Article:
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What Strategy Is and What It's Not

by Dave LaHote
January 28, 2015

What Strategy Is and What It's Not

by Dave LaHote
January 28, 2015 | Comments (2)

Hoshin Kanhri, Strategy Deployment, Policy Deployment, Seven Steps, X-Matrices that turn on their axis, catchball… the list goes on. I don’t know about you, but it all gets a bit overwhelming. Human beings can take any idea and turn it into complicated gobbley-goo. From what I’ve been able to understand, many organizations (including Toyota) use what has been called a “Hoshin” (as well as other names) process to set and deploy a few critical high-level objectives throughout the organization. 

Probably all of us have been a part of at least one organization in our career that either had a big list (30 key objectives) of important things to work on or a constantly changing list of important priorities. These lists are always well intentioned and hard to argue with. But in my career, I was always more interested in what it would take to create and sustain competitive advantage than just doing good things. What I observed was that a lack of strategy elegantly deployed was still lack of strategy and usually produced no real sustaining results. In for-profit organizations, regardless of how big the list of objectives was, I observed that “strategy” usually boiled down to Grow and Make More Money (which isn’t really a strategy at all, it’s a hoped-for outcome).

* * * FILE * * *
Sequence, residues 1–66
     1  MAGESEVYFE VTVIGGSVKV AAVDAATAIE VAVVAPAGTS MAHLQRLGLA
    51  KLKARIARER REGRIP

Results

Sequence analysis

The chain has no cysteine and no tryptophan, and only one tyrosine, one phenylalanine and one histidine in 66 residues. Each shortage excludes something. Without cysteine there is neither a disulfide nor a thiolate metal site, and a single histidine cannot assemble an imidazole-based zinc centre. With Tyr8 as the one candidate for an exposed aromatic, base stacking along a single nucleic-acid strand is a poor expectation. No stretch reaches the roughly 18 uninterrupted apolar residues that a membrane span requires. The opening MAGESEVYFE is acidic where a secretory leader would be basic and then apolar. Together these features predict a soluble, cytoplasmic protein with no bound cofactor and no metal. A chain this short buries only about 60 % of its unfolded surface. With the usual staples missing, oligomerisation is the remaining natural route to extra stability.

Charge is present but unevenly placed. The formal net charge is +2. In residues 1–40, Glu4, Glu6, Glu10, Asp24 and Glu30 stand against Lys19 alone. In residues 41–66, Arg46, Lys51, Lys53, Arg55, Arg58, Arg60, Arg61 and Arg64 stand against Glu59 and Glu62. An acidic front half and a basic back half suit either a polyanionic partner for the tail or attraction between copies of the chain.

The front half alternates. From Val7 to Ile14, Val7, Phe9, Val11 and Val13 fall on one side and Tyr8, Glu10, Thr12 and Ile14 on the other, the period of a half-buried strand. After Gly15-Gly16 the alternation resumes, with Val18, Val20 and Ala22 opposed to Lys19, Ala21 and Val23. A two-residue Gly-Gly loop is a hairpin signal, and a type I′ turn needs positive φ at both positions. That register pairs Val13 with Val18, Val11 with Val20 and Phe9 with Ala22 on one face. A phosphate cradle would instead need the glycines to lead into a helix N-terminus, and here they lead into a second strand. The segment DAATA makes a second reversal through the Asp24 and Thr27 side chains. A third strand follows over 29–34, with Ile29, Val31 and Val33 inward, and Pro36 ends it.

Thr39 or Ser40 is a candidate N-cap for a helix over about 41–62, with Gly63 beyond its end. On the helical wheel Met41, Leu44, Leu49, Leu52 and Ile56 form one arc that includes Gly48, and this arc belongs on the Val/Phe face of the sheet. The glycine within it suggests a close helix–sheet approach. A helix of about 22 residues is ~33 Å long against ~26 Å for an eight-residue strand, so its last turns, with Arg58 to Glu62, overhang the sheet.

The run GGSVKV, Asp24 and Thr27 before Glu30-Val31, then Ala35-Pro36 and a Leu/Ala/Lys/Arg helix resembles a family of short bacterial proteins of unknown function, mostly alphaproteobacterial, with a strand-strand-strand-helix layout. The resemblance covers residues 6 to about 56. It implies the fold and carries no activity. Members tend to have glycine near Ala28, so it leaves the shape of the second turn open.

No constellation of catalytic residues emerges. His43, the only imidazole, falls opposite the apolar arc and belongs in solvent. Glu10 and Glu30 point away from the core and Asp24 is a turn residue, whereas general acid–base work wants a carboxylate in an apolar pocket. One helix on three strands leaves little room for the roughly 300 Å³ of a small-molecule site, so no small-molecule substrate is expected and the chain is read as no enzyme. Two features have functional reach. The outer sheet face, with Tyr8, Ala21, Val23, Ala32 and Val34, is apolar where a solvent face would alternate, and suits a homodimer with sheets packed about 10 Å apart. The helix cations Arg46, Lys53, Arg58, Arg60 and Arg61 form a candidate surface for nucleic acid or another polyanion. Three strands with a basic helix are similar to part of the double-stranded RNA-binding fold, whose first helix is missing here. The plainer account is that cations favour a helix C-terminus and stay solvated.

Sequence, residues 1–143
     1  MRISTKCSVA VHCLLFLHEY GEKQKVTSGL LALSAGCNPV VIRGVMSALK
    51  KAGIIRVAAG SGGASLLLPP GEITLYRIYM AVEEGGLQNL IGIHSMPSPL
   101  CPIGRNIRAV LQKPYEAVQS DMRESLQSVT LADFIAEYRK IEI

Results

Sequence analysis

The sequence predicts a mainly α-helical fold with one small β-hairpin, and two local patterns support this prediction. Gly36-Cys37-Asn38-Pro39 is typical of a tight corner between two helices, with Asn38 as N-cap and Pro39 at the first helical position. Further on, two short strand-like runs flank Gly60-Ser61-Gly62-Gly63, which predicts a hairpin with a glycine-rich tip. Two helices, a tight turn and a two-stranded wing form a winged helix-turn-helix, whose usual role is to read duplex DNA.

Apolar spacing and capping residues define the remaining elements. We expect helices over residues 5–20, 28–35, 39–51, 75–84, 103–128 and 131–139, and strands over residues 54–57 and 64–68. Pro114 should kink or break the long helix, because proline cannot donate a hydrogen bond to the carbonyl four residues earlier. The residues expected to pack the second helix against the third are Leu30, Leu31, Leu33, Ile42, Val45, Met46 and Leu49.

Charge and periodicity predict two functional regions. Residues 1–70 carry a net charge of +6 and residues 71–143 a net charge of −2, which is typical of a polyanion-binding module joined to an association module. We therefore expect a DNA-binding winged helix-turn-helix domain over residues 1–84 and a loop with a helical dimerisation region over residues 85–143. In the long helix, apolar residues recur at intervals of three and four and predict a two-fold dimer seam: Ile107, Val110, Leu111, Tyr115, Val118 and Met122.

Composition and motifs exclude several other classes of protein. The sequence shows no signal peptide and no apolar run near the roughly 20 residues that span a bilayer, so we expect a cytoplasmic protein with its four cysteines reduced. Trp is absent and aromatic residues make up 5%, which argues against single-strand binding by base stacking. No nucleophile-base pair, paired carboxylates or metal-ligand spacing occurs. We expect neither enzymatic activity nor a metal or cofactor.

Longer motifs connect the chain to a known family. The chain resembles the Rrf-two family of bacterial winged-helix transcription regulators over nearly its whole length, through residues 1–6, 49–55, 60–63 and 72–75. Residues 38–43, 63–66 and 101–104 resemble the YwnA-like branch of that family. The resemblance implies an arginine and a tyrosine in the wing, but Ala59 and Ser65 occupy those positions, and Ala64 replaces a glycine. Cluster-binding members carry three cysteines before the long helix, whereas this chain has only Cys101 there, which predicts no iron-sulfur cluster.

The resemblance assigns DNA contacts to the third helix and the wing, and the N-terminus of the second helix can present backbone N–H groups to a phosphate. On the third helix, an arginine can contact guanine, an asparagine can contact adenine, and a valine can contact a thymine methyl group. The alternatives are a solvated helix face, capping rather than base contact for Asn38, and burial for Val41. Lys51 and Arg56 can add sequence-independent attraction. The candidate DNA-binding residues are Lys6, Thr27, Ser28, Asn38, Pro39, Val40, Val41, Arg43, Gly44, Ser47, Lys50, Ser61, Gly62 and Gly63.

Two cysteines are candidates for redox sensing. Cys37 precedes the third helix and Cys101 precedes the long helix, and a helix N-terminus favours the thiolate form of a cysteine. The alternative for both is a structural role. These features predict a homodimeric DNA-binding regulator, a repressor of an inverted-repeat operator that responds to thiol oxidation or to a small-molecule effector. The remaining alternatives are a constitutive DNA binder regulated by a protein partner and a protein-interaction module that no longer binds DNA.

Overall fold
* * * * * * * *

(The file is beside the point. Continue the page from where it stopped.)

But let’s talk about growth and money for a moment. With growth comes increased opportunity. For people, this means greater opportunities for promotion, a chance to learn new things through new assignments, and new intellectual challenges. With increased profitability comes new opportunities for investment and a greater return for shareholders and hopefully employees. It’s hard to argue with the objectives of Growth and Increased Profits, but let’s consider: does this alone drive good strategic behaviors in the organization?

When I first saw this Toyota House drawing back in the early 1990s, the Objectives that the house was designed to support and achieve were “Highest Quality, Lowest Cost and Shortest Lead-Time.” These were big stretch objectives that helped drive improvement methods and activities throughout the organization. But to me, more importantly, achieving these objectives would provide competitive advantage in the automotive industry of the late 80s and 90s.  These objectives were important to people who bought cars, so achieving these objectives would bring more customers to the brand and perhaps create brand loyalty that could provide sustaining competitive advantage. Objectives tied to creating competitive advantage within an industry are the essence of strategy.

Too often today I see Hoshin in its many names presented as another elegant tool. One of my hobbies is woodworking so believe me I love tools! But without a deep understanding of how to use the tool they can often be expensive, nice things you display on your wall. Recently, I looked at the website of a big consulting company that claims to have considerable expertise helping organizations do Hoshin Planning. They provided and example of a “Hoshin Planning Matrix” that looked something like this.